But as we do that, my prayer is that we can be open to the wisdom that our many faith traditions provide and that we can appreciate insights found in religions and philosophical traditions not our own. I am not suggesting a syncretistic approach in which we regard all religions as essentially the same and, therefore, we try to create one mushy faith for all. Not at all. But I am suggesting that we Americans have an opportunity in this century to model what it might look like for people of many different religious traditions to live together in harmony.

If the call to Americans of the 20th Century was to get racial harmony right (clearly still an unfinished task), I think the call of this new century is to get religious harmony right. In a world often set aflame by religious differences and conflict, we have a chance to show that people of many faith traditions can respect one another and at very minimum tolerate one another. Tolerance is a very low standard, of course, much lower than the standard of love that my Christian faith calls me to offer to all of humanity. But at least it’s a start.

To grow beyond mere tolerance, of course, will require that we become educated first about our own faith, if any. And in my experience among American Christians, biblical and theological illiteracy is rampant. So, as a result, what happens in what sometimes gets called interfaith dialogue is really interfaithless dialogue, when people of nominal commitments to different faiths get together and agree about stuff that they would have agreed to anyway. Real interfaith dialogue is hard and requires a lot of time. And until you feel some discomfort about it, you’re not there. Nor are you there until the people with whom you’re speaking begin to challenge your thinking. But that’s what will be required if we are to get anywhere close to my vision of Americans modeling good interreligious relationships.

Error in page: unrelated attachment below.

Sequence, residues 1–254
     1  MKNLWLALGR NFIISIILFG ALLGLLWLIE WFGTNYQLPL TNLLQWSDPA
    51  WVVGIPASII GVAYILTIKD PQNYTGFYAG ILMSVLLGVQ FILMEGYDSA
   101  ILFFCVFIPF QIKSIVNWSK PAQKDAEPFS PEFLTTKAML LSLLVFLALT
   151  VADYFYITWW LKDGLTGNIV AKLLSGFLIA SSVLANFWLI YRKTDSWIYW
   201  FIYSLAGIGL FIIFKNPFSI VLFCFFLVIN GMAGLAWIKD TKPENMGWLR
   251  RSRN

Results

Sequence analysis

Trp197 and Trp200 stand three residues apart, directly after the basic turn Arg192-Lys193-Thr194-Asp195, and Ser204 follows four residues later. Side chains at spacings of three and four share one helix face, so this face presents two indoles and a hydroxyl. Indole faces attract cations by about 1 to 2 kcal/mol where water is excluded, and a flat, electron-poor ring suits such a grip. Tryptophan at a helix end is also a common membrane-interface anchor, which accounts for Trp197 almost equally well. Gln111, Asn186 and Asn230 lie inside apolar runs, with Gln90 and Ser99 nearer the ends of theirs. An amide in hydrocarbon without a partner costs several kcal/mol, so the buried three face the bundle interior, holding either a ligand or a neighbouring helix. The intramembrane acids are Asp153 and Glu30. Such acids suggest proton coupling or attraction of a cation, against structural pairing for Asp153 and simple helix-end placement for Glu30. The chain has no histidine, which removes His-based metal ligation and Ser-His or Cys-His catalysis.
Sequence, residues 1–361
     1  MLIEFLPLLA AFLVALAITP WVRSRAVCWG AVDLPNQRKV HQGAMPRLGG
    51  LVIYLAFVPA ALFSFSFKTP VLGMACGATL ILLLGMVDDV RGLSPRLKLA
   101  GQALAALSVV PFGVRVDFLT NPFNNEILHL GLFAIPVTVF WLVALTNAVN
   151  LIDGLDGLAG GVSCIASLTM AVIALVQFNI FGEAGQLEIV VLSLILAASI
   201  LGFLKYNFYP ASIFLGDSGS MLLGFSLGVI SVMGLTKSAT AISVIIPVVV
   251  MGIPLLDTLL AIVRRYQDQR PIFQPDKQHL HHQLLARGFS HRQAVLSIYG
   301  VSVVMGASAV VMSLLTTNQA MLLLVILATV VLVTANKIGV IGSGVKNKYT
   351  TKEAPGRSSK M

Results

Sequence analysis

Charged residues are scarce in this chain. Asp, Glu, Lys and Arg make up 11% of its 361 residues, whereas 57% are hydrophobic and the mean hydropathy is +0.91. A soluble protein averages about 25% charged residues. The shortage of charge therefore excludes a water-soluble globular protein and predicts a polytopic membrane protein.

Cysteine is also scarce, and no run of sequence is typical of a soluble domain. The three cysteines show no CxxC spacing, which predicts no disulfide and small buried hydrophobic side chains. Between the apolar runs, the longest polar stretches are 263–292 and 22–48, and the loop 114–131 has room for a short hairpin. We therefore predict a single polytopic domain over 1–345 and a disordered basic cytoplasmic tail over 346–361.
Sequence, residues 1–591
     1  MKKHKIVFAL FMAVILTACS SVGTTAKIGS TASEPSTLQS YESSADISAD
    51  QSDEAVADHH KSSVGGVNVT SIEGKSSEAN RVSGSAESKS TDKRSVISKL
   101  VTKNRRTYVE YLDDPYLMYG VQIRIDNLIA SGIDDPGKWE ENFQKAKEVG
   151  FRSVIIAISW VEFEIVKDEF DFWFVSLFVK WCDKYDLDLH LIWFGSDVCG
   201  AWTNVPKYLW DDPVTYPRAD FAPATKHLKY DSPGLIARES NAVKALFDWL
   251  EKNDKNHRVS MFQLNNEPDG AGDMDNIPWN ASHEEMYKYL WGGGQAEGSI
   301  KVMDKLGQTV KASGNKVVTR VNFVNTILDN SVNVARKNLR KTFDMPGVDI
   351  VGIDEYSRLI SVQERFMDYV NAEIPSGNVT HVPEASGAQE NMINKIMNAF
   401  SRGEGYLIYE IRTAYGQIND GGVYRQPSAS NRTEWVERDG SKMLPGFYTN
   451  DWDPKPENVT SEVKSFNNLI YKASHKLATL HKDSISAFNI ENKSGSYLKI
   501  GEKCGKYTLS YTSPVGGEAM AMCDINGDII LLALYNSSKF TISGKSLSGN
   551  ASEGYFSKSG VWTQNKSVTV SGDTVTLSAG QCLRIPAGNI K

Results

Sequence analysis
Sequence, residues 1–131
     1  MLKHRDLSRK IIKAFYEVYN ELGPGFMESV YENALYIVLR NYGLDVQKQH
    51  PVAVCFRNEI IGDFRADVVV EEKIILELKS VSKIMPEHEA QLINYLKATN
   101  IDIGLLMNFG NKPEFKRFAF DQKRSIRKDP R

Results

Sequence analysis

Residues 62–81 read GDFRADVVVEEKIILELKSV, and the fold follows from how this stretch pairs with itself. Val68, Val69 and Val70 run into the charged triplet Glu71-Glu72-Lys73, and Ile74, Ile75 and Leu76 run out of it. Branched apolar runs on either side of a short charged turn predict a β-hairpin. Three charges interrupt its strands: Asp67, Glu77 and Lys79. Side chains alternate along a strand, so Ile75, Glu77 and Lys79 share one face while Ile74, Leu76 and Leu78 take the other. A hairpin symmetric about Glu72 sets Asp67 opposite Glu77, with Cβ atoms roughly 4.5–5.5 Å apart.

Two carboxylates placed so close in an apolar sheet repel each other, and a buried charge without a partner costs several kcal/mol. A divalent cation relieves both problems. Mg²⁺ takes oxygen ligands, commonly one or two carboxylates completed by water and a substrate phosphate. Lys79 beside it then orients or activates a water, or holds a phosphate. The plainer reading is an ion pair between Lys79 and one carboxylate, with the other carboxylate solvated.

If most of us here today share Woodstock School as at least part of our headwaters, we also share at least some experiences of accompanying each other on our journeys from Woodstock to here in Minnesota today. Many of you have been friends for decades, have stood by one another, cared for one another, cheered one another on and mourned with one another when death or some other catastrophe has struck. You have been companions on the journey along the river that is leading us toward some final destination and destiny.

Don’t stop now. Remember your common headwaters, yes. But continue to be fellow sojourners, holding each other when in need and continuing to call out the best in each other, always remembering that each of us bears the image of God and, therefore, deserves to be treated as a precious treasure.

Let us pledge together to continue the journey in this communal, supportive, loving way until, in the end, we are wrapped in the solicitous love of a God who has taken the journey with us, binding up our wounds, comforting us, cheering us, guiding us and helping us remember not just the headwaters from which we came but also the glory of the sunset that will be ours.

May it be so this day and all along the way of life. Amen.

Well, there are lots of ways to approach an interfaith service like the one here in St. Paul yesterday, but that's how I did the sermon. I'd be intrigued by your responses, which you can e-mail to me at wtammeus@gmail.com. The response yesterday from Woodstock School folks was quite positive and surprisingly (to me) lovely.

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And speaking of interfaith matters, when a series of predominantly African-American Christian churches in the South burned in recent weeks, guess who stepped up to help rebuild them, among others? Groups of Muslims. Nice work. It's what people of other faiths should do when vandals also attack mosques and synagogues and temples. Whenever anyone's sacred space is threatened, everyone's is.